BTW — Isn’t Facebook great?! I’m so glad to be back in touch with you, man. Hope you and Deilee are doing well. Those kiddos of yours look awesome.

  8. Dave says:

    July 16th, 2008 at 5:42 pm

    Yes, Steve, you will enjoy Wright’s book. It will get you thinking about life after life after death. 🙂

  9. Chris says:

    July 17th, 2008 at 9:45 am

    Yes, Facebook is very cool! I hope that you and Becky and doing wonderful.

    I forgot to make one comment about Willard. In his article, he says, “So, suppose you have the responsibility of running a solar system? That’s going to be a demand on you, even though you’re going to be running it with God! So the rule is, if you were faithful over two cities, take five. People who have matured in their relationship with God are going to have a much better idea of how to run cities with God.”

    This comment strikes me as odd, even dangerous. It smacks of Mormon influence (and possibly other branch-off religions). Mormons believe that when they die (married males to be exact), they will rule individual worlds under the guidance of the all-powerful God; they become, in effect, minor gods. They become what Jesus was/is to our world. Aside from the utterly wrong view that our blood could ever wash away the sins of others, there are two glaring problems. (1) There is a tremendous underlying hubris – that we are worthy enough to rule others because of our faith and that God needs us to govern. And (2) there is a radical departure from the scriptural idea that we can be in a similar right-hand position to God BECAUSE of what we have done. Xnty is not works-based, but faith-based. Mormonism violates this principle royally.

    Willard squarely faces both of these problems. I find it tremendously prideful to launch the idea that we would be worthy to rule over others because of our faith. That job is God’s, and God alone, because he is the only one worthy. In heaven where his presence is absolutely encompassing and radically palpable, why would there ever be a need for us to govern? In fact, why would there be a need for any governance in heaven with God’s presence constantly enveloping us? We would all be doing the right things all the time automatically because that is what one does in the nakedness of God’s presence. To think otherwise, to think that God “needs” us to govern, is hubris. I’m not saying that you are being prideful, but that this is the end consequence (and possibly motivation) of Willard’s theology.

    Willard also faces the second problem. If God loves us, finds us worthy, and makes us perfect, why would some people be elevated above others? Even if you consider the ruling part just a “role” and not an “award” so that the glory of elevation is mitigated, there is still an honor bestowed upon the person BECAUSE of what he/she has done. But that is anathema to an unconditionally loving God who makes us perfect in every way so that we can actually be in his presence. This, again, is why I find the idea of growth in heaven so odd. How can one who is made perfect grow anymore?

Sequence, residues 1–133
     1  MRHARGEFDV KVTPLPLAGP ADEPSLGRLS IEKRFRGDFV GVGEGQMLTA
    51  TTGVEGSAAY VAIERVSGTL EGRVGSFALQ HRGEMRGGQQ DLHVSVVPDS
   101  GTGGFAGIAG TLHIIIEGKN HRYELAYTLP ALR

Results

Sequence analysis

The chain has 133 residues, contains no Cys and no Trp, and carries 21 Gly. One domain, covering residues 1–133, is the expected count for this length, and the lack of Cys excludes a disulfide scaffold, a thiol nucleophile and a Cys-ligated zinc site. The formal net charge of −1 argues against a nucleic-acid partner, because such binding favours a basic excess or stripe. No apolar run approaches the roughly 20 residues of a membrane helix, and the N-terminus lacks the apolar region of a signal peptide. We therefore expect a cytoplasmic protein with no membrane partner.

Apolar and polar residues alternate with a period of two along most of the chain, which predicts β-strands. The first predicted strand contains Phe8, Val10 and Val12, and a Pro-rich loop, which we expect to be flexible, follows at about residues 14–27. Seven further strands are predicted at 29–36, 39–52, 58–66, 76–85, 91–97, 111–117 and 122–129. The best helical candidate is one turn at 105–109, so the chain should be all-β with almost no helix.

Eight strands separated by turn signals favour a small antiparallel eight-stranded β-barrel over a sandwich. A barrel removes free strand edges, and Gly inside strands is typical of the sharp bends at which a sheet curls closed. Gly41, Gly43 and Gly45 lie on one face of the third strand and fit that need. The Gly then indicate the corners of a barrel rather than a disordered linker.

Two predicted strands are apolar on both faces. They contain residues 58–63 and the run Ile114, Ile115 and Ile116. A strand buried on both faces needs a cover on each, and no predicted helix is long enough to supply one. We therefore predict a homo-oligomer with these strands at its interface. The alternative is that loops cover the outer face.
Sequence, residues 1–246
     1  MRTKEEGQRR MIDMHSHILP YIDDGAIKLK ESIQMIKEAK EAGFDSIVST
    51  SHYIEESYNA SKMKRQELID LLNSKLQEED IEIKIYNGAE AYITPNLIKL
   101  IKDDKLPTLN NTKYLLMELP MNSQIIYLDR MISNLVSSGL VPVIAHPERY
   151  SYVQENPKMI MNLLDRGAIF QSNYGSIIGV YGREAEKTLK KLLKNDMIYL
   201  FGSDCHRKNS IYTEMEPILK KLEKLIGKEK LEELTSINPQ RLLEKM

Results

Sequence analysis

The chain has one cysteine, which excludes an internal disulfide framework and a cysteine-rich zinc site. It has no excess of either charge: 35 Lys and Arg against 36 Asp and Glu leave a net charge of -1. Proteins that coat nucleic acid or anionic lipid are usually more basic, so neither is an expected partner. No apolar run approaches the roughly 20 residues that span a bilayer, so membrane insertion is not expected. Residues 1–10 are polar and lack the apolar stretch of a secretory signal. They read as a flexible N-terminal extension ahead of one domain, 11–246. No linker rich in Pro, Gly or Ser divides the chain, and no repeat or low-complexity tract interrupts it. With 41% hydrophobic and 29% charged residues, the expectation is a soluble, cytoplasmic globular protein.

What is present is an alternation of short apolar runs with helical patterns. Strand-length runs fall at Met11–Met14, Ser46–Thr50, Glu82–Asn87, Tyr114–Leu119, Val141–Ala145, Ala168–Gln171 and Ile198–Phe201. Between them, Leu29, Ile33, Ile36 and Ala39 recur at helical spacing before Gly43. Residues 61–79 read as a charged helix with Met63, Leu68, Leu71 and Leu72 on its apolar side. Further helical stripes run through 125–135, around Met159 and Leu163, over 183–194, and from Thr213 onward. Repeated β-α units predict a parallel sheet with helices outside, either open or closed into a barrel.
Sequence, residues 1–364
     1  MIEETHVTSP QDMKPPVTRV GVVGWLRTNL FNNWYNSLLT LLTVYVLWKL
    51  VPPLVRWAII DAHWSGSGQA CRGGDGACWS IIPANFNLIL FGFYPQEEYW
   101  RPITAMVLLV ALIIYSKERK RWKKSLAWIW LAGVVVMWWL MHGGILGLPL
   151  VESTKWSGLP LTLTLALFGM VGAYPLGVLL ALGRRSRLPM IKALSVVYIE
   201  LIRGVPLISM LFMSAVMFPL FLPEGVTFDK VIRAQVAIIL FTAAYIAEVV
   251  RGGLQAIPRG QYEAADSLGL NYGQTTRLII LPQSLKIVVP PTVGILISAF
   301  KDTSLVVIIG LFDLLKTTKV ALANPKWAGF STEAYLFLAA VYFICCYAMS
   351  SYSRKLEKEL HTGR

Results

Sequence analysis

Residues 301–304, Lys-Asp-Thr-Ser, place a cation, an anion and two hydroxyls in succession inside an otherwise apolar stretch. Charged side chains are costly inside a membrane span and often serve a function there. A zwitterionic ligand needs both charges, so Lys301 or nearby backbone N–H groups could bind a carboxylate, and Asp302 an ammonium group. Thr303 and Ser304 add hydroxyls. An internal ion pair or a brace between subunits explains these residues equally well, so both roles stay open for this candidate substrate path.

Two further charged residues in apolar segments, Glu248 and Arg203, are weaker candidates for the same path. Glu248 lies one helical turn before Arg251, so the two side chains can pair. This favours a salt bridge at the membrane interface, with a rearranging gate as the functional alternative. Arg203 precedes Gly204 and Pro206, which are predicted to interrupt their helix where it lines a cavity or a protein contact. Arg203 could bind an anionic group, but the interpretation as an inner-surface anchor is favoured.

So I think that Willard borrows too much from Mormonism in the ruling bit.

  10. josh says:

    July 17th, 2008 at 8:56 pm

    Lewis’ analogies in The Last Battle are definitely brilliant and one of the best ways I’ve heard to describe the afterlife. He likens, in one sentence, life on earth to a dream, dying to waking up, and the afterlife to being awake. Memorable enough that I got the text tattooed on me!

    But of course, everything Lewis does is genius. The Narnia books, The Great Divorce, Till We Have Faces, the Space Trilogy (far better fantasy lit than the LOTR books)… his analogies are always so spot-on.

  11. Eric says:

    July 19th, 2008 at 7:00 pm

    The clearest view of redemption history was expressed to me by David Flusser, rooting it in Jewish thought, in his book titled “Jesus”. Jesus expressed that he inaugurated the Messianic age, an indeterminate age between this world and the one to come, where redemption begins playing out in this world. Still, the “world to come” is still a point in the future, to be experience at the passing of this world at the Last Judgment. The Kingdom of God is God’s movement in this world, which He invites us to participate in.

    I do not think, me personally, there is a bleeding between one world and the next. I will accept that our world is sort of like a “trial world”, prep school for that life to come. I am a sojourner in it, inviting others to follow the Lamb of God to Paradise. Having said that, this world is a world, not an imagined less Platonically perfect world. I think C.S. Lewis’ depiction of Paradise (as a somehow more Platonically perfect world) not so helpful.

    Remember, the life to come is a Life. We are creatures now…and we will be creatures then. All indications are that we will be as living beings, experiencing growth, reward, direction, feeling, perception, with a body and belonging to time.

  12. Jacob Mic says:

    June 7th, 2011 at 3:56 pm

    I think C.S. Lewis’ “The Great Divorce” is a wonderful look at the afterlife (it’s rather unconventional as there are no religious images). I wonder how would you compare scriptures with service descriptions and rest descriptions i.e. Hebrews Chapter 4?